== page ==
“I think the drop in turnout is due to the fact that there has not been enough of a transformative social change or result. And that’s why, while I still show up to the march, I spend the majority of my free time volunteering to make certain more women and progressives get elected to office in PA.”

Although there is considerable disagreement about what the Women’s March has accomplished, most participants see the uptick in voter participation and record numbers of women running for office in 2018 and 2019 as evidence of its impact. Many signs emphasized the “March to the Polls” and were clearly focused on November 3, 2020.

Friday, January 10, 2020

The Greek Diaries: Part II, Hydra and Delphi

The harbor at Hydra

After the trauma of the stolen wallet and the herculean struggle to get my credit card unblocked, Rick and I decided to spend the next day chilling on one of the nearby islands. Everyone we spoke to recommended Hydra, famous for banning all cars and buses from the island. Unfortunately, there is no way of getting round. However, we were so exhausted from the previous day’s horrors that just wandering around the picturesque harbor and drinking Campari at one of the inviting cafes was enough.

I enjoyed Hydra but was disappointed that the ferries to the islands which I expected to be like the Block Island ferries, where you could sit on the deck and enjoy the view, were hydrofoils which kept passengers jammed inside with just a glimpse of the Aegean though the dirty windows. It was more like economy class on a plane than the open air ferry ride I had expected.

The next day we decided to make up for lost time and traveled to Delphi which was high on my list. Visiting Greek archaeological sites is for the physically fit. Although the Parthenon had inspired Rick, despite his arthritic knee, to heroically climb to the top of the Acropolis, Delphi did not exert the same kind of attraction. He found a shady spot on a bench under a tree and insisted I go explore the site. The Temple of Apollo was worth the climb but it just wasn’t much fun without Rick and there were steep climbs that were challenging for me, so I decided I had seen enough of the archaeological site. The Temple of Apollo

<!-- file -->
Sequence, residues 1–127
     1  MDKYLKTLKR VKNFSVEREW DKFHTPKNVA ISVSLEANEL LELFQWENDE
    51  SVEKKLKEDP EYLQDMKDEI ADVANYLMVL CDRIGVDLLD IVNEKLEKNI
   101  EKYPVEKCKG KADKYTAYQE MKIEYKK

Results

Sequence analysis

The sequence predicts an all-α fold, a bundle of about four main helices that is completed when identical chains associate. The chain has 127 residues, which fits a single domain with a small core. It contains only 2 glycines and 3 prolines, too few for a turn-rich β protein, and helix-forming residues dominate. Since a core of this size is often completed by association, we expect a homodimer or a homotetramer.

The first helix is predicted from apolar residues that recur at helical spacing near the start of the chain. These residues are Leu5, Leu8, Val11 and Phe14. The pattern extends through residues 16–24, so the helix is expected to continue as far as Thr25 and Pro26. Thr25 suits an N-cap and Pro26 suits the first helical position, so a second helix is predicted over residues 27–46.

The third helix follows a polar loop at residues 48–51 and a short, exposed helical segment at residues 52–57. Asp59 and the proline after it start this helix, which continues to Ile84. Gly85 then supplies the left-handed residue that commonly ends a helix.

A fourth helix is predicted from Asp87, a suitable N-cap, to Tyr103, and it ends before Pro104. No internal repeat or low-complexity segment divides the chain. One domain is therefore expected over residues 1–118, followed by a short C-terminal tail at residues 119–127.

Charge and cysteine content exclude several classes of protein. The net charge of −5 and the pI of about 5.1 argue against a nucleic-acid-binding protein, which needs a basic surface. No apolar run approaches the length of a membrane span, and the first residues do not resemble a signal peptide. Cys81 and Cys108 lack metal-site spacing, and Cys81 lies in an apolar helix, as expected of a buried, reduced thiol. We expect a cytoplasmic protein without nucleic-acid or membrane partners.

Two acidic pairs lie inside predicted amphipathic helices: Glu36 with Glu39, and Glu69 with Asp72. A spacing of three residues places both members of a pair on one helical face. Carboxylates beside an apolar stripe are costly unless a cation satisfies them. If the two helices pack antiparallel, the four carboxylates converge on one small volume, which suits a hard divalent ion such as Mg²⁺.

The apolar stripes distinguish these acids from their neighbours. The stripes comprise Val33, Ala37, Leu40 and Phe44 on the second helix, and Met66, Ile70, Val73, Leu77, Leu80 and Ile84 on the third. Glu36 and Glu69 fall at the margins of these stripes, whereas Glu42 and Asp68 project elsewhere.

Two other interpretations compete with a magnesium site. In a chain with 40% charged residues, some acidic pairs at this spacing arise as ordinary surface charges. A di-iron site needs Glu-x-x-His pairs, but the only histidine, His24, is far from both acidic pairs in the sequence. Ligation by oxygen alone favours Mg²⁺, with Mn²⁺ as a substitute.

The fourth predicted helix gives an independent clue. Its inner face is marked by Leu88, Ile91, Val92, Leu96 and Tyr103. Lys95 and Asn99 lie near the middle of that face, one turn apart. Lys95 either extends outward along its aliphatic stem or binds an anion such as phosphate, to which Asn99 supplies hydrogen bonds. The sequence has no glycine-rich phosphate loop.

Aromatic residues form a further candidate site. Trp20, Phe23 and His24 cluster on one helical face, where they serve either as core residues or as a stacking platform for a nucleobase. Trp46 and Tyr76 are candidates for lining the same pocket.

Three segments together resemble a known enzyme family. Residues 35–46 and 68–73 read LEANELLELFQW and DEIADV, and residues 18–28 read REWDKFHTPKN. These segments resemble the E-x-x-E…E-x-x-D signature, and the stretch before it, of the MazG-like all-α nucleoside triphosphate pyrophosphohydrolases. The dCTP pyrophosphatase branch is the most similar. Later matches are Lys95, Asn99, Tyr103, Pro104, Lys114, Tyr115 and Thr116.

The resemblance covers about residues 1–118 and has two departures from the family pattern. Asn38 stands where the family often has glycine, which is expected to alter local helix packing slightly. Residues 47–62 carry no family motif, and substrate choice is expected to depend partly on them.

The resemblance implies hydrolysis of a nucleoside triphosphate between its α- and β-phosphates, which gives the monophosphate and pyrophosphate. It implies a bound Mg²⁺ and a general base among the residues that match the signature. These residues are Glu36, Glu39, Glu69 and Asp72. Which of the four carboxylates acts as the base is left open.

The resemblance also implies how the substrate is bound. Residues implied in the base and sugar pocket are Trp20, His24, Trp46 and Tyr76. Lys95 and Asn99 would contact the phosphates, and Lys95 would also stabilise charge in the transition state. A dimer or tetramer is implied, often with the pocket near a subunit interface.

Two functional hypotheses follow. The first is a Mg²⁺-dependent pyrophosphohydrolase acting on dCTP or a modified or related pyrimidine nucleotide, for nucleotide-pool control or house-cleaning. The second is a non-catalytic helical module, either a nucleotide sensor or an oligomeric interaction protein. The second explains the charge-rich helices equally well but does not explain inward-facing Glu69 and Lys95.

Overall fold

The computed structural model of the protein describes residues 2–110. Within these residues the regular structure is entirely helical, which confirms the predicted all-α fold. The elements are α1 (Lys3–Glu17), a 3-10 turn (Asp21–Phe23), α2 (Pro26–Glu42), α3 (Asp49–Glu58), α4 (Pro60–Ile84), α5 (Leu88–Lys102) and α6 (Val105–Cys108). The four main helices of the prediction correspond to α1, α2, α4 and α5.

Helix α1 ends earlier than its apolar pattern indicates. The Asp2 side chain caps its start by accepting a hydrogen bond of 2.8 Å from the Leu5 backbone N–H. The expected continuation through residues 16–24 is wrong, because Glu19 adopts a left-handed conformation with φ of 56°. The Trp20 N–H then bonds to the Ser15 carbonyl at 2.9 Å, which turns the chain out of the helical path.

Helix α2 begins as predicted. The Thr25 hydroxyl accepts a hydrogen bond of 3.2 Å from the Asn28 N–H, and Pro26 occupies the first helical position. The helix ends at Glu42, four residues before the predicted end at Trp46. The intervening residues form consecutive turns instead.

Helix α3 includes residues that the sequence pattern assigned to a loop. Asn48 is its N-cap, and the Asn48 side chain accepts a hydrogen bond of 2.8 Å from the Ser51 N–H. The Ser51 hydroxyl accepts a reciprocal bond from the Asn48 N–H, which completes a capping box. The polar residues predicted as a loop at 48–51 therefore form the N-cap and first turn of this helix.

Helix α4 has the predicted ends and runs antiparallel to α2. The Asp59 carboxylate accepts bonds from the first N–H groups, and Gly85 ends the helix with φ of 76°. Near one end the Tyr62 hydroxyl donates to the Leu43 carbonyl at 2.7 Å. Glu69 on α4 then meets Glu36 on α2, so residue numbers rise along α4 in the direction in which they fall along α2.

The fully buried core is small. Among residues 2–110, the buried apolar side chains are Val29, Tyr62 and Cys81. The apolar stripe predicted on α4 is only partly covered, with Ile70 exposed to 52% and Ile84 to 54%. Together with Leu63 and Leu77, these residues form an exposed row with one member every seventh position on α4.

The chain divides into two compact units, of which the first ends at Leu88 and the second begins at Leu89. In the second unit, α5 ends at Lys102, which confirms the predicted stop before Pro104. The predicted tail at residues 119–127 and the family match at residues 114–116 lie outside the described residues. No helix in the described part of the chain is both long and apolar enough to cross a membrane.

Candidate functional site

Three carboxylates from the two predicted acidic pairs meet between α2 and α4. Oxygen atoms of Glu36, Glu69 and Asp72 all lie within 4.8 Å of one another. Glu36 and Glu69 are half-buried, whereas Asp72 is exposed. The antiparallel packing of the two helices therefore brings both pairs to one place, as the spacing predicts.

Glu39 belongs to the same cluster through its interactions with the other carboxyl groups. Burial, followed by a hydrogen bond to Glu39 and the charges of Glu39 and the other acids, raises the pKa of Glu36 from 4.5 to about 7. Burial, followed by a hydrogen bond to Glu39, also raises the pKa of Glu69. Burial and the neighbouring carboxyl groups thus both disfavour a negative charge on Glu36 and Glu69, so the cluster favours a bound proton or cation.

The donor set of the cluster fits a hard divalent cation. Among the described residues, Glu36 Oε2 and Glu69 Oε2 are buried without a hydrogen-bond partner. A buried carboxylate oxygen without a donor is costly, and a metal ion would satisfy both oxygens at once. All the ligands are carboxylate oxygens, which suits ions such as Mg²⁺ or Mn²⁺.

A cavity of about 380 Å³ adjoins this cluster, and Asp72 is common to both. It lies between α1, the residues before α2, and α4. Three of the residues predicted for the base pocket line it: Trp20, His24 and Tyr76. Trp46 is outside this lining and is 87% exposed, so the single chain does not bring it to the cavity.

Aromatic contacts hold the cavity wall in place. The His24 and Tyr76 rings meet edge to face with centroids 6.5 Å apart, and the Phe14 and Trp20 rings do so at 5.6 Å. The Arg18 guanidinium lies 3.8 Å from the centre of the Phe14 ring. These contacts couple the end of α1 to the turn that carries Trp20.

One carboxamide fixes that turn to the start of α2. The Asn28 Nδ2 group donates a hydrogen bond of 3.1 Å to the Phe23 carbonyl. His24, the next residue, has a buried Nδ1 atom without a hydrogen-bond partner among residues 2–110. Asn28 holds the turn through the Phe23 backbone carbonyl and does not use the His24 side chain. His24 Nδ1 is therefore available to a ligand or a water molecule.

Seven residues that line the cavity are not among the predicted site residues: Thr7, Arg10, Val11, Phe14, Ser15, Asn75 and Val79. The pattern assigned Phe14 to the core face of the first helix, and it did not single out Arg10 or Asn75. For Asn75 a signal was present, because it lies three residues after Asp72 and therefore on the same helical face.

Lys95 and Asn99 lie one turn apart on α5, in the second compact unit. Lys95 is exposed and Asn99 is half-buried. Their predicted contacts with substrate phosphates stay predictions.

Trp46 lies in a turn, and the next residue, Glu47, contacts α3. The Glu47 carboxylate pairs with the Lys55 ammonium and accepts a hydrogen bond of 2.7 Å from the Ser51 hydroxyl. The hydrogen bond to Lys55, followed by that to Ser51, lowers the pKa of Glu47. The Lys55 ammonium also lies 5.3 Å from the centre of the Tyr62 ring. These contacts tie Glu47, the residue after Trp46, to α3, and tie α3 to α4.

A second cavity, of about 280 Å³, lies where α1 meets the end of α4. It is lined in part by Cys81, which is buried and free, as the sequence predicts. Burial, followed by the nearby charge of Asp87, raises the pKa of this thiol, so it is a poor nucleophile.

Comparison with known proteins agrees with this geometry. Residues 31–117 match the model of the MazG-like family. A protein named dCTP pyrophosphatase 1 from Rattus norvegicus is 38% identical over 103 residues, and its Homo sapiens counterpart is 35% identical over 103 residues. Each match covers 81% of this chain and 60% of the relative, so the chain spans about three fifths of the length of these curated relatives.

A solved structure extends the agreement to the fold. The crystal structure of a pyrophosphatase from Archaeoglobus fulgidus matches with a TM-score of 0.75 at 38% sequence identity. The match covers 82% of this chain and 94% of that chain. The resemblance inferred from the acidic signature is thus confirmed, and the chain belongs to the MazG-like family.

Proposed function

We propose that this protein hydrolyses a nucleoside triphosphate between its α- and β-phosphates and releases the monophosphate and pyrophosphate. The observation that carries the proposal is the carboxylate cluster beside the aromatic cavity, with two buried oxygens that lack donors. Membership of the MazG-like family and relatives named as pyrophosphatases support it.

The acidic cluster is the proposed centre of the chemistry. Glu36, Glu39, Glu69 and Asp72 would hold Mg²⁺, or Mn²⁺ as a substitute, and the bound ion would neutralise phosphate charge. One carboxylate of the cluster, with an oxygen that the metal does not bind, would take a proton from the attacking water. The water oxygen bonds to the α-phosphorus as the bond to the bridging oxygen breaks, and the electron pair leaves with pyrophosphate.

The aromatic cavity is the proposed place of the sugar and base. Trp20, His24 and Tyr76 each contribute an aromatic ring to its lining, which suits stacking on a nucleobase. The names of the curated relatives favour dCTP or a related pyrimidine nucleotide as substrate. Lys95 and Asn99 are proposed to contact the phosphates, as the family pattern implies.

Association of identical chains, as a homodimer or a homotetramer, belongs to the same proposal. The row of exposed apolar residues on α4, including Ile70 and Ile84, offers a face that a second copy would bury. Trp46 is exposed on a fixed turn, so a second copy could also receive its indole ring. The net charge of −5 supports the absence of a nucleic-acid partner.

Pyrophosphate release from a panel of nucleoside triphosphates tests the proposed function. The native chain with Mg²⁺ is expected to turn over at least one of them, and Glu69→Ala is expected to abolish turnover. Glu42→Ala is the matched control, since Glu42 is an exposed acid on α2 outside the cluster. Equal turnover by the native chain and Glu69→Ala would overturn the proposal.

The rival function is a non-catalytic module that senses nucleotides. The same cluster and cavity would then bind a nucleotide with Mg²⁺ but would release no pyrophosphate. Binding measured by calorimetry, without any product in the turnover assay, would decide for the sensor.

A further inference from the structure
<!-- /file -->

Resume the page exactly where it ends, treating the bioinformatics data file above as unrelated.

We spent the rest of the afternoon at the excellent museum which housed cultural treasures that had been recovered from the archaeological site.The road to the Museum at Delphi

The most impressive exhibit, was the Sphinx, an enormous statue which once crowned an ionic column and capital.The Sphinx in the Museum at Delphi.
The beauty of the Greek countryside around Delphi was itself worth the trip. We so wished we had traveled to Greece when we were younger and could drive all over this amazing country. At this point in our lives we are forced to hire drivers, but there is an upside. Rick didn’t have to pay attention to the road, and could really enjoy the astonishingly beautiful scenery.